by April Reinhardt
(last updated May 2, 2016)
If you're like most baby boomers or from earlier generations, when you think of office or overhead lighting, you envision fluorescent bulbs, and when you think of home lighting, you think of the familiar incandescent light bulbs. But the next time you purchase light bulbs for your lamps, take a look at the LED lights that are offered for home use. The main difference between incandescent and LED lamps is the filament versus the electronic chip used to generate the beam of light. That is, the incandescent bulb uses a filament, and LED lights use a light-emitting diode (thus, the initials L.E.D.).
LED lighting is part of a type of lighting referred to as solid-state lighting (SSL), which incorporates the use of solid-state electroluminescence, rather than thermal radiation to emit light. Because it doesn't use thermal radiation to emit light, SSL generates light while creating very little heat.
In my own household, we're slowly making the switch from incandescent bulbs to LED lighting. We started with nightlight in the hallway that uses a LED lamp. Since it is such a bright white/blue lamp, we painted the bulb with red fingernail polish and it tones down the bright white quite a bit. Here are some points to consider if you're contemplating using LED lighting in and around your home:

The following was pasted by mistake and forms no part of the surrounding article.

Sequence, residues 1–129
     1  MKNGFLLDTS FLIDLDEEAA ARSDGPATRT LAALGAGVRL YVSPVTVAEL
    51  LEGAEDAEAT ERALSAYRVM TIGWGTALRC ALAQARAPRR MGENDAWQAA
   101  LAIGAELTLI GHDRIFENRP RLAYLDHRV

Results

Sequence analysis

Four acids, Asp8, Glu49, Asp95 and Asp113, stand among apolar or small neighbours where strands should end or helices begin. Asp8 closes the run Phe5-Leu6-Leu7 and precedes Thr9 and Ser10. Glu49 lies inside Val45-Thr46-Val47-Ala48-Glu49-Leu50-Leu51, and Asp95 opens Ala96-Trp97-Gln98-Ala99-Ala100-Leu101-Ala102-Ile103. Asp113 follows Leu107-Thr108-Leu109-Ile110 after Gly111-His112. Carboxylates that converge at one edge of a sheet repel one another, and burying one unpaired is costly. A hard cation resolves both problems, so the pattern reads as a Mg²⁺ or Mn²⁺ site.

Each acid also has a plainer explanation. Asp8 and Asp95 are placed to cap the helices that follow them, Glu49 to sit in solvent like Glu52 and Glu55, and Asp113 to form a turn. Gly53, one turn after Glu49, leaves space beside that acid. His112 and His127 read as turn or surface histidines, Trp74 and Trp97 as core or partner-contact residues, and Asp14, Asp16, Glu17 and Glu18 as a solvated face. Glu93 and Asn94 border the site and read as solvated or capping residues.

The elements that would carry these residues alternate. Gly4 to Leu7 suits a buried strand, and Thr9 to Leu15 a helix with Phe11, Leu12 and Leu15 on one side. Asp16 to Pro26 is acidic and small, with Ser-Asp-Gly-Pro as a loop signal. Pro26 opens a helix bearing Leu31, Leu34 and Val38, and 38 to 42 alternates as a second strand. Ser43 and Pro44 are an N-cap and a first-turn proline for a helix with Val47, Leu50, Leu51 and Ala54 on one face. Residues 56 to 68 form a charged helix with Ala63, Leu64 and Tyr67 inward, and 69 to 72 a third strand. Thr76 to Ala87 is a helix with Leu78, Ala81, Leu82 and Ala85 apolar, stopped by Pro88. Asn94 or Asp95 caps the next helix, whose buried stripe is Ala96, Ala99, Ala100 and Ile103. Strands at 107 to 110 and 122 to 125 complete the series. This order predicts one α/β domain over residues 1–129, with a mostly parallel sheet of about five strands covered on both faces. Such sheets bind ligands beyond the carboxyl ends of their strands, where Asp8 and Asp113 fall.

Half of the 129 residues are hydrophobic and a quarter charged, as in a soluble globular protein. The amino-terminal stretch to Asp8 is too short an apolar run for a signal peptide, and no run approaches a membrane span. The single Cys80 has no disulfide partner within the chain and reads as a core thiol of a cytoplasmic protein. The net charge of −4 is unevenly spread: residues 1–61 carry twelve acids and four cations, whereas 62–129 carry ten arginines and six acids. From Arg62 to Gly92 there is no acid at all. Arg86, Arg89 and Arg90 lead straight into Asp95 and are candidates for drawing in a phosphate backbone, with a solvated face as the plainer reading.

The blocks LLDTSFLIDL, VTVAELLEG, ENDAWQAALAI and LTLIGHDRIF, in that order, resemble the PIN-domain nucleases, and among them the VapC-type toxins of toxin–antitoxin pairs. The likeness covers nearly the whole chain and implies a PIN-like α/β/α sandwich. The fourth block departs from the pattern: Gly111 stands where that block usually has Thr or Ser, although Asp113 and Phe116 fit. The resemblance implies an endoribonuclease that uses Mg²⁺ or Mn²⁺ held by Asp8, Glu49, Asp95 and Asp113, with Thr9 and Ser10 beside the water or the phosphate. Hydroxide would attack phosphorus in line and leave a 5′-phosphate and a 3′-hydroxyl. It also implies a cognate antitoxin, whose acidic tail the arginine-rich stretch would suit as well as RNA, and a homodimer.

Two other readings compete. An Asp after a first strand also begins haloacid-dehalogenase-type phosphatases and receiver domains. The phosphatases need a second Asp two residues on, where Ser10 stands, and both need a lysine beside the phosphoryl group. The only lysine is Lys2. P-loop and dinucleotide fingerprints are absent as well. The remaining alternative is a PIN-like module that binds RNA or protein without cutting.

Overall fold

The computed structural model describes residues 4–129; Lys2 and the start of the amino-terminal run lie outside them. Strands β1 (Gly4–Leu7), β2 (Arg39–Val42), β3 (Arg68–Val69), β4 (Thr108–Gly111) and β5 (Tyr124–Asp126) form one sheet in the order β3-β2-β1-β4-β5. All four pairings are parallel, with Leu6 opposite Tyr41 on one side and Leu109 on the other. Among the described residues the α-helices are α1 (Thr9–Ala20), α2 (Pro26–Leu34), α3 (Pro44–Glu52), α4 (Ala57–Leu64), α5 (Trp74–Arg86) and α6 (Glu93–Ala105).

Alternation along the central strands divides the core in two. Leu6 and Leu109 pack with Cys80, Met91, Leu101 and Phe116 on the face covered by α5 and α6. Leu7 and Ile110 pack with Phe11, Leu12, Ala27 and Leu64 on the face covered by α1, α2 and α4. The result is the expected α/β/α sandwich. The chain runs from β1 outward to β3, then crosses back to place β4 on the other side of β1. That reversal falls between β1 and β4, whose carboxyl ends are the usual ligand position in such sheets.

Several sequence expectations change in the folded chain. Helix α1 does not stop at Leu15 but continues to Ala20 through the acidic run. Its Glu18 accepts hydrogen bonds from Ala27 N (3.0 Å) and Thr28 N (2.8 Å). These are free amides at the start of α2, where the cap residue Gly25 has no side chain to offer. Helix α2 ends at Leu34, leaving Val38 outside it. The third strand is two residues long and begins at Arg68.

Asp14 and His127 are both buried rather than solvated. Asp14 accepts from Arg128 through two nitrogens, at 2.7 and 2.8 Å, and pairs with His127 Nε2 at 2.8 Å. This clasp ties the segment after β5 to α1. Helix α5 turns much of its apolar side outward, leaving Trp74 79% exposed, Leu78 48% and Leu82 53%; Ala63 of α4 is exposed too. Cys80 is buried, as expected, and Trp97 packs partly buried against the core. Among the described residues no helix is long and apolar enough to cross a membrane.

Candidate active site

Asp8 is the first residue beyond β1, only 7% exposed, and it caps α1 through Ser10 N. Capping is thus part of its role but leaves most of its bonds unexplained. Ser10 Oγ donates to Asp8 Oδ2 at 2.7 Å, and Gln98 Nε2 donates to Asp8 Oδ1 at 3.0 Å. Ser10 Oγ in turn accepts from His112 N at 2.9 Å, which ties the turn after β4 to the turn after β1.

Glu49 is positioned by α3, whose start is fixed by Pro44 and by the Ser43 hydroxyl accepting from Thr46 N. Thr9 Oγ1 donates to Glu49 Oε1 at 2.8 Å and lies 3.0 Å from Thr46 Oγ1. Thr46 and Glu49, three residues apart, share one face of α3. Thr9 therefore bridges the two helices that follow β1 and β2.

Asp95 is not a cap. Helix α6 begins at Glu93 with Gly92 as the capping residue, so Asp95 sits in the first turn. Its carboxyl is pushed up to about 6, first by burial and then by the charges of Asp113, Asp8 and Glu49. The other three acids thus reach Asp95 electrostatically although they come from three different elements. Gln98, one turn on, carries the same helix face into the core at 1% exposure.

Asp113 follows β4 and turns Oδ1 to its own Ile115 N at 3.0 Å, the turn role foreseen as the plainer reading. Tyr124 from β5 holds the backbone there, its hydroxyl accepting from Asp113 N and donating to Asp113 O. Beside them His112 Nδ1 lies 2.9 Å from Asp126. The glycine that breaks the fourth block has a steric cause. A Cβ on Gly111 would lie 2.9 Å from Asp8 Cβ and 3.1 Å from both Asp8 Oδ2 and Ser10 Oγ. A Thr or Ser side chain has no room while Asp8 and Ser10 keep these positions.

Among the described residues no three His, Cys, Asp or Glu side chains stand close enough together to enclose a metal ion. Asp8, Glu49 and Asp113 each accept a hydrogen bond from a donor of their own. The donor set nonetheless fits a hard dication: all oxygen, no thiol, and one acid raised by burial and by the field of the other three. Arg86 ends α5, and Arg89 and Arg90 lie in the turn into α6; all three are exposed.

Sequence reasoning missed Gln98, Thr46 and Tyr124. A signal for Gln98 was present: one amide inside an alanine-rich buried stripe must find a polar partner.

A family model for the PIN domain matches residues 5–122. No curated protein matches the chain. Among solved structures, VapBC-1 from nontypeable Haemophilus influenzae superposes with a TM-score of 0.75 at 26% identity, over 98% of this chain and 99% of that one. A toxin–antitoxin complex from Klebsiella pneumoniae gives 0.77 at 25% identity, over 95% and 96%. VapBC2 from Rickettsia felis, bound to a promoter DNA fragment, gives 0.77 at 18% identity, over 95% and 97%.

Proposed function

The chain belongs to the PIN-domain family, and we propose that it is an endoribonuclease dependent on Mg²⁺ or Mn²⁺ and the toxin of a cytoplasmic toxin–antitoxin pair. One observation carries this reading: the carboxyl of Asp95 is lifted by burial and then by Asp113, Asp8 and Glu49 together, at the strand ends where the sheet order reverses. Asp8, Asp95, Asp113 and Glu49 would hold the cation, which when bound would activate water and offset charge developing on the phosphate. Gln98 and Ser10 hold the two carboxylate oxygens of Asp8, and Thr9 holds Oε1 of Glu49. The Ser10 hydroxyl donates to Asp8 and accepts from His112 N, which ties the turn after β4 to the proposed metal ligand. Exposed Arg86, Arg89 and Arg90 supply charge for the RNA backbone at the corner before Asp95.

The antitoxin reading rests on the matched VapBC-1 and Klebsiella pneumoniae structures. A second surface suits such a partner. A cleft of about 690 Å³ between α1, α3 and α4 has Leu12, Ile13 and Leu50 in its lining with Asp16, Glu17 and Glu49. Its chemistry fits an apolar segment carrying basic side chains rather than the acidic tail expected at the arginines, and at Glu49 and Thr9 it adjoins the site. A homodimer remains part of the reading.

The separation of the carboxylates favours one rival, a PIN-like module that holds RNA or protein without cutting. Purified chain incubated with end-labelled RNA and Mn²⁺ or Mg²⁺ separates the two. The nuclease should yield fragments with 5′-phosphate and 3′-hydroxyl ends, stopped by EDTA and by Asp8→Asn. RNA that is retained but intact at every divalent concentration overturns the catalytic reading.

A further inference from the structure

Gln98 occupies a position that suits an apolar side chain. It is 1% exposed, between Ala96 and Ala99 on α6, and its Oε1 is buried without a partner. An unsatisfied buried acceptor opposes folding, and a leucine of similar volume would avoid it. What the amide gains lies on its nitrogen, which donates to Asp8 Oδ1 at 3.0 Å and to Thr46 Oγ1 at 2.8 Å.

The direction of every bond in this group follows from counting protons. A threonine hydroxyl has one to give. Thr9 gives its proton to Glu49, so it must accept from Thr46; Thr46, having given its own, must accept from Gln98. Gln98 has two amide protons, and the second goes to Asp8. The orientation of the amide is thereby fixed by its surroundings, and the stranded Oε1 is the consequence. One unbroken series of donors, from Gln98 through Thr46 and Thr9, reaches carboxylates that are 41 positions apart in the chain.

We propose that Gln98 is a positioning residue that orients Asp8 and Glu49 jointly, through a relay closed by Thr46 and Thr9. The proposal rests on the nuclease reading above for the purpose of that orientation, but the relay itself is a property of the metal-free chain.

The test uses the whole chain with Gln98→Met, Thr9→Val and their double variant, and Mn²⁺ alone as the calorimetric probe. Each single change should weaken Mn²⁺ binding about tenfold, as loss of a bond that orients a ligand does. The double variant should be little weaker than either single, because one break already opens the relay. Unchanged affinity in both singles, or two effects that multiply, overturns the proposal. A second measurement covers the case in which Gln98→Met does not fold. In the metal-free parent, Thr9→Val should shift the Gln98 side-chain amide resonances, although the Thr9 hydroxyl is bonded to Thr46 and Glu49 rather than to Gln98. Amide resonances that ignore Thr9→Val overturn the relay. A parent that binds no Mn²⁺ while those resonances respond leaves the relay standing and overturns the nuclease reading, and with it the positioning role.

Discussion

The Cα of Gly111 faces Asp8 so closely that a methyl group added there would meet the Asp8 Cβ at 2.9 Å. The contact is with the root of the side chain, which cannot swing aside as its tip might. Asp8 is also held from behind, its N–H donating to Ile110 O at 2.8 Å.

Use LEDs if you're concerned about helping the environment, because they are extremely eco-friendly. LEDs use a fraction of the energy of traditional lighting, and lend themselves well to a variety of uses, including solar lighting and other renewable energy sources. LEDs use lower wattage than incandescent bulbs, translating into energy and money savings for the consumer.
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